Thursday, November 22, 2012

Tambour Work

by Lauren Gilbert



Madame de Pompadour at her Tambour Frame by Henri Drouais
 
Regency novels frequently refer to “tambour frames” and “tambour work”.  One novel contained an amusing story where a lady used a tambour frame as a weapon.   I assumed It was a form of embroidery but knew nothing about it.   I enjoy needlework and thought it would be interesting to see what it was.
Tambour embroidery was a very popular and fashionable craft.   Thought to have originated in China, it was supposedly introduced to France in the mid-18th century, and subsequently spread to England and western Europe.   Ladies occupied their time with tambour work as well as other needle crafts, while professionals used this technique on a larger scale until machines were able to produce similar effects.  The stitcher uses a needle with a hook, similar to a modern latch hook, and makes a chain stitch on fabric stretched in a round frame. 
The frame is a two-part object, with an inner frame over which the fabric is stretched with the exterior frame holding it in place.  It is called a tambour or tambour frame because it resembles a drum (“tambour” is French for drum).  It is similar to modern embroidery hoops, but much heavier.   (I can now see how it could actually do some damage if used to strike someone!)  The thread is held underneath with one hand, while the other hand pushes the hooked needle through the fabric to catch the thread and pull it through.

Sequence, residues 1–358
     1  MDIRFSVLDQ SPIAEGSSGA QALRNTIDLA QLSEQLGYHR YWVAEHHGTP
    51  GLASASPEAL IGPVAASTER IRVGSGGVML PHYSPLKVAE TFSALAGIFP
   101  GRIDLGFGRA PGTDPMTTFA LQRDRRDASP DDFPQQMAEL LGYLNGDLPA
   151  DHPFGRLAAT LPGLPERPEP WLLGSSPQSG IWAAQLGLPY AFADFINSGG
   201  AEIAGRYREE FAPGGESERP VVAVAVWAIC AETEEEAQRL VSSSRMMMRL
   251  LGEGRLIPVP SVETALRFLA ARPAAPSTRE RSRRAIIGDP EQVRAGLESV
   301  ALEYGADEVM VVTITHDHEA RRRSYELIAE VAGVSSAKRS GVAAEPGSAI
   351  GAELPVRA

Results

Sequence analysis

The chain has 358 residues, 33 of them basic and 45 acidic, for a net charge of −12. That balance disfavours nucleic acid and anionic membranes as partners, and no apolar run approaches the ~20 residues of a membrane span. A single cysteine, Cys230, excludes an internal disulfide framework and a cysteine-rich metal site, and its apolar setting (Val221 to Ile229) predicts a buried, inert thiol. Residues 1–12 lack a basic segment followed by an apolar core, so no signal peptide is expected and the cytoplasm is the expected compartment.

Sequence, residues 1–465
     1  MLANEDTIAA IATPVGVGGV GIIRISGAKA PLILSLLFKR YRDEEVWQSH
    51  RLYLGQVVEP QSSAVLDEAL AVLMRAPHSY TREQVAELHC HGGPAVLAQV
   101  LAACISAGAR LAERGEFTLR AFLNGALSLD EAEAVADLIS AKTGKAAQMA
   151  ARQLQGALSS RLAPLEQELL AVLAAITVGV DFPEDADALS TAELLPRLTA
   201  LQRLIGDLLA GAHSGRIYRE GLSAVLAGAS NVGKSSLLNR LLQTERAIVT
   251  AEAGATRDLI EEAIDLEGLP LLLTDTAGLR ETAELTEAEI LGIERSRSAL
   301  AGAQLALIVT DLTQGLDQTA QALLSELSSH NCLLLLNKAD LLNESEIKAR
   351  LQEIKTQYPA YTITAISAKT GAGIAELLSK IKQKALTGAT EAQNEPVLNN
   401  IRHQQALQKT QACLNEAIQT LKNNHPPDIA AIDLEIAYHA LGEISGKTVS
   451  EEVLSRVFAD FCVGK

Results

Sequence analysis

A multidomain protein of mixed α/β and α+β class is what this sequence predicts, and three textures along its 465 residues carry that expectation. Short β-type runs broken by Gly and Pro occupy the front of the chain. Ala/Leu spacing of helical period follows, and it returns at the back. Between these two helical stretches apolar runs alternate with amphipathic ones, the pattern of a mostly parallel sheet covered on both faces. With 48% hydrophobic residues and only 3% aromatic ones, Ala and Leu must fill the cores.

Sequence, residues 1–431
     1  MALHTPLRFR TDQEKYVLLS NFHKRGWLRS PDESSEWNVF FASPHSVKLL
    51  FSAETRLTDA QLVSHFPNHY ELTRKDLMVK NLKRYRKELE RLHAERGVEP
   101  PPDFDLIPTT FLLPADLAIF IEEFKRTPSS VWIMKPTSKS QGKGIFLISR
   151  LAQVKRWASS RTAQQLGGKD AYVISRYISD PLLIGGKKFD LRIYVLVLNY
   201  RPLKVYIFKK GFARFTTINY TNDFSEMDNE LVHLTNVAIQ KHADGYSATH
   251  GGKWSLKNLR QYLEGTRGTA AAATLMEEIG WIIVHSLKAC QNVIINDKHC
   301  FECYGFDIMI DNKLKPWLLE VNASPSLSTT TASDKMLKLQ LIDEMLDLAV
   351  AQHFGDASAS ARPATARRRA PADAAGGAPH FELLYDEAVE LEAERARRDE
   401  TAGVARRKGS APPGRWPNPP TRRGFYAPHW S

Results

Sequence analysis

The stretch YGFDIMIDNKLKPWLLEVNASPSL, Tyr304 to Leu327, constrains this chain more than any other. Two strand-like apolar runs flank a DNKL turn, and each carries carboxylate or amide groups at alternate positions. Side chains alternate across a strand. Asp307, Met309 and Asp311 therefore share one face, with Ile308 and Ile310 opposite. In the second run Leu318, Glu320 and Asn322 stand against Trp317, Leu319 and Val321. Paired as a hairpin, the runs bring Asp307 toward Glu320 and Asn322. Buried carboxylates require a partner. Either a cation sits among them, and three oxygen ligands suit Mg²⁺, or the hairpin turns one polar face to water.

This shows the position of the hands, and the sturdiness of the frame.

Bringing the thread back up through the same hole forms a loop, and the pattern evolves as each new stitch is formed near the previous stitch, catching the loop from that stitch.  The stitches form a continuous chain.  The hooks used were small, sometimes not much more than a wire bent at the tip, and produced a lacy design.   It was commonly used to produce white on white design, such as the flower and vine designs popular on white muslin.  Tambour work was used to embroider gowns, shawls, reticules and other wearable items.  Using the finest hooks and threads, the chain stitch would also lend itself to monogramming handkerchiefs.  Obviously, fabrics with a more open weave such as muslin, gauze and net lend themselves beautifully to tambour work, as can be seen in the illustration below: 

At Fontenoy Chateau

Tambour embroidery is now also referred to as tambour crochet.  Crochet work as we know it seems to have evolved from tambour embroidery at least in part, being worked as a continuous chain, using a hook and thread or yarn, without the background fabric.  Tambour embroidery is still done today.  There are numerous resources on the internet for supplies, hooks and frames, and videos of instruction.
References:
de Dillmont, Therese.  THE COMPLETE ENCYCLOPEDIA OF NEEDLEWORK.  Third edition.  1996: Running Press, Philadelphia, PA.  (Illustrations of the tambour hook (fig. 280), and the position of the hands with the frame (fig. 281) from p. 144 used with permission.)
The Embroidery Site.  BellaOnline.com.   “Tambour Work” by Megan McConnell.  Not dated.  http://www.bellaonline.com/articles/art67103.asp
Clan Iain Abrach~McClain blog.  “A Brief History of Crochet” by Catie Rua the Weaver.  Posted 11/1/2003. http://www.iainabrach.org/blogitem.asp?ID=6  
Design.Decoration.Craft blog.  “Tambour Emboridery Work.”  (no author shown.) Posted 7/22/2010. http://thetextileblog.blogspot.com/2010/07/tambour-embroidery-work.html  
Illustrations of Madame de Pompadour and the Fontenoy tambour frame are from WikiCommons.  

Lauren Gilbert is the author of  HEYERWOOD: A Novel.  The heroine, Catherine, is a skilled needlewoman.  (More about the novel at http://www.heyerwood.com )